In the middle of the pandemic and just ahead of warnings of Ontario’s disastrous third wave of COVID-19 infections, Ontario Premier Doug Ford was settling a lawsuit over the movie “Run This Town”.

The film, which premiered at SXSW in 2019 before being released in early March 2020, features a fictionalized story about a bloated and tyrannical Toronto mayor named Rob and the young millennials employed at city hall and at a local newspaper when news of a crack scandal breaks.

Written and directed by Ricky Tollman and starring Ben Platt, and Canadians Nina Dobrev, Mena Massoud and Scott Speedman, British star Damian Lewis stepped into the role of the rage-filled mayor under heavy prosthetics.

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Though drawing from alleged real-life events in Ford’s history including his own notorious crack video scandal, his time as a youth football coach, various inappropriate comments he made, and chaos at city hall, the film does not purport to be a biopic, but a fictionalized story which the Ford family is not happy about. Ford previously slammed the satire “Filth City” for making light of his brother’s addictions.

According to the Toronto Star, the Ford family launched a lawsuit against the film in April 2020, just as the pandemic started impacting the globe.

Seeking “damages in the sum of $10 million for misappropriation of personality and breach of privacy for publicly placing the plaintiff in a false light,” the lawsuit argued “Run This Town” was inflicting harm on the beneficiaries of the late Ford’s estate. Arguing the characterization was used without “authorization and misappropriated Robert Ford’s likeness and persona without paying the plaintiff and/or the Ford Family any compensation whatsoever,” the lawsuit alleges the family sought a copy of the script for review while the film was in production in 2018.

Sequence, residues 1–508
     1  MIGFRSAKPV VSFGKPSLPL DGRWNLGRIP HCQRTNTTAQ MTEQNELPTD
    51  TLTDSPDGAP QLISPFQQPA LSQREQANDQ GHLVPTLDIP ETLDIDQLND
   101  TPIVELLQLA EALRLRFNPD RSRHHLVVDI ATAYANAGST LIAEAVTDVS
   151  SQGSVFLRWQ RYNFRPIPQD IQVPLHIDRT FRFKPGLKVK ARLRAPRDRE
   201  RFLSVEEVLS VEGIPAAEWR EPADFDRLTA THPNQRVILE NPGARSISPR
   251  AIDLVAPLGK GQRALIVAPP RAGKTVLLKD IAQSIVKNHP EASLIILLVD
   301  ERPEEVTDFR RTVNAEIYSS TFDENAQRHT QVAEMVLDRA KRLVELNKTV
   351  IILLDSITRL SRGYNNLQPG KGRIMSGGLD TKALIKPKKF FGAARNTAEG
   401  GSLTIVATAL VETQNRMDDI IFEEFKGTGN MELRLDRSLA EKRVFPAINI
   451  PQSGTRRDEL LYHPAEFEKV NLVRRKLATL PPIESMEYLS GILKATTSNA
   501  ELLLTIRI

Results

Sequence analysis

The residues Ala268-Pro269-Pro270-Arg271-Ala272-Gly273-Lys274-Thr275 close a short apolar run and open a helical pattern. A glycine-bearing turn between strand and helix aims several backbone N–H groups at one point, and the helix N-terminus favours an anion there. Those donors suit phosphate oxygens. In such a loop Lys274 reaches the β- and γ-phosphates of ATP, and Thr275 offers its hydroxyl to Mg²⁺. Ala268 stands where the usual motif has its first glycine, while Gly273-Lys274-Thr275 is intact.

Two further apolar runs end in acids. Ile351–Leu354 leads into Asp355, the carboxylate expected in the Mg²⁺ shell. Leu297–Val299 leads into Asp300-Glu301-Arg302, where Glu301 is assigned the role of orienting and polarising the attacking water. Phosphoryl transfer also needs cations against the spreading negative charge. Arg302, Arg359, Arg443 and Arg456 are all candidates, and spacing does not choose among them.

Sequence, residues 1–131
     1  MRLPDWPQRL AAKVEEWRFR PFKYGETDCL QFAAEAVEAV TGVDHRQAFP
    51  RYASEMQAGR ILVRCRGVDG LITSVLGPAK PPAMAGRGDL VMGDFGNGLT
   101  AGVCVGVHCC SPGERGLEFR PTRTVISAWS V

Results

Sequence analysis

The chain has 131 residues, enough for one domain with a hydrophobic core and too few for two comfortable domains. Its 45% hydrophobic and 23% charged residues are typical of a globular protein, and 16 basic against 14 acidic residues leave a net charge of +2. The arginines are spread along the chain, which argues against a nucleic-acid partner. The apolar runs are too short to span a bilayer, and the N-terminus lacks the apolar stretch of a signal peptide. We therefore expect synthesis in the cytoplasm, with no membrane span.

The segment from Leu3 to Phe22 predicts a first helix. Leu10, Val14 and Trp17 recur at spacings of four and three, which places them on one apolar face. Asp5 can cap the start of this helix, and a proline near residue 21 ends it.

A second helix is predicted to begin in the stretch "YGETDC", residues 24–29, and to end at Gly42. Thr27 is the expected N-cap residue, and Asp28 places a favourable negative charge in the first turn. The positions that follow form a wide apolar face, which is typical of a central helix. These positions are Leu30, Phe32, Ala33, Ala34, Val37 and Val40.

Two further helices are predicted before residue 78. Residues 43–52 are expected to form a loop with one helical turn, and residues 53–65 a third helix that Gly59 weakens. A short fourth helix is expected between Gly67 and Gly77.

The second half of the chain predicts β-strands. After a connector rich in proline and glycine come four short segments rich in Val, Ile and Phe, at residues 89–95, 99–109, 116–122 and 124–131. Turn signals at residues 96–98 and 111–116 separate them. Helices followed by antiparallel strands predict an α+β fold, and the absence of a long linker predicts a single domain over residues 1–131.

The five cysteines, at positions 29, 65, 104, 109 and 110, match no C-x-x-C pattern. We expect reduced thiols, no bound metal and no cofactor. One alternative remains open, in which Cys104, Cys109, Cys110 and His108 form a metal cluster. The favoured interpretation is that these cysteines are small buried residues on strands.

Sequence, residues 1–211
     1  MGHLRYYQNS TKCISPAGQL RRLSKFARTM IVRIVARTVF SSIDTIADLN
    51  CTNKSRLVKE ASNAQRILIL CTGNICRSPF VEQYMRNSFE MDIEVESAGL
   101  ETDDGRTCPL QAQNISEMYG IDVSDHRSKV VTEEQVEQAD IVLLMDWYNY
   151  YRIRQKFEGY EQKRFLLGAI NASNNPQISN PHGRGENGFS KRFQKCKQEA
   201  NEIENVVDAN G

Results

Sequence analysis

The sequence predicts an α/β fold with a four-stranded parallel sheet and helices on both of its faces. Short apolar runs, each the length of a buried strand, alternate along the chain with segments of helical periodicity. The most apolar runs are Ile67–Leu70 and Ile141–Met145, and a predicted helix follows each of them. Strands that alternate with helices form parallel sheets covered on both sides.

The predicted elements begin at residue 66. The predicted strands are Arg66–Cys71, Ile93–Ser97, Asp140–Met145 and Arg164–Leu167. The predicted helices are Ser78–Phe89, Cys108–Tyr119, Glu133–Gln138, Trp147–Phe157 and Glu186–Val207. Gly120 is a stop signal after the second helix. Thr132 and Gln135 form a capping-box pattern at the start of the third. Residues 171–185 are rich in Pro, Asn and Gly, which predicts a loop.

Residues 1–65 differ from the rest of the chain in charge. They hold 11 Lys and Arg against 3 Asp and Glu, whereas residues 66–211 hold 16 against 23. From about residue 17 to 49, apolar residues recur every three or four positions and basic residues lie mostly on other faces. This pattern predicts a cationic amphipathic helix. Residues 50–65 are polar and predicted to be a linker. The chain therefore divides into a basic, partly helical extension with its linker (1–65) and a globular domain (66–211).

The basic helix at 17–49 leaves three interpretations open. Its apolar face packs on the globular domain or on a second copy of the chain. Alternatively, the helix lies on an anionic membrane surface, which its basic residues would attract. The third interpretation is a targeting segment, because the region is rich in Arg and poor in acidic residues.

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For Canadian writer-director Tollman, the timing of the lawsuit was “frustrating”.

“It was frustrating and sort of confusing because it happened quite some time after this film was released,” he explains. “It was just surprising that four or five or six weeks into the pandemic that this was how time was being spent.”

According to the Toronto Star, Tollman and the production were advised against sharing the script because “that’s not standard practice in the film industry or in any creative industry where people create things about real-life or fictional characters.”

Later, representing his late brother’s estate, Doug Ford Zoomed in to a mediation on February 11 of this year in which the defence filed a brief stating, “the film does not trade on Mayor Ford’s reputation and certainly does not put him in a false light. Unfortunate facts are still facts.”

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Tollman also argued against the complaint Rob Ford was used in the marketing of the movie, calling it “factually incorrect.”

“The three faces you see on the poster are Mena Massoud, Ben Platt and Nina Dobrev, and the eyes of Damian Lewis in prosthetics,” he tells the Toronto Star.

The office of Doug Ford issued a statement to the Star, refuting any claims the premier was distracted by the family lawsuit against “Run This Town” while the third wave of the pandemic was brewing: “Since the start of this pandemic, the premier has spent nearly every waking hour focused on Ontario’s response to COVID-19, including hundreds of hours making phone calls, participating in briefings and meetings, and holding over 250 media availabilities with the press. Any insinuation that the premier’s focus hasn’t been on this pandemic is patently false.”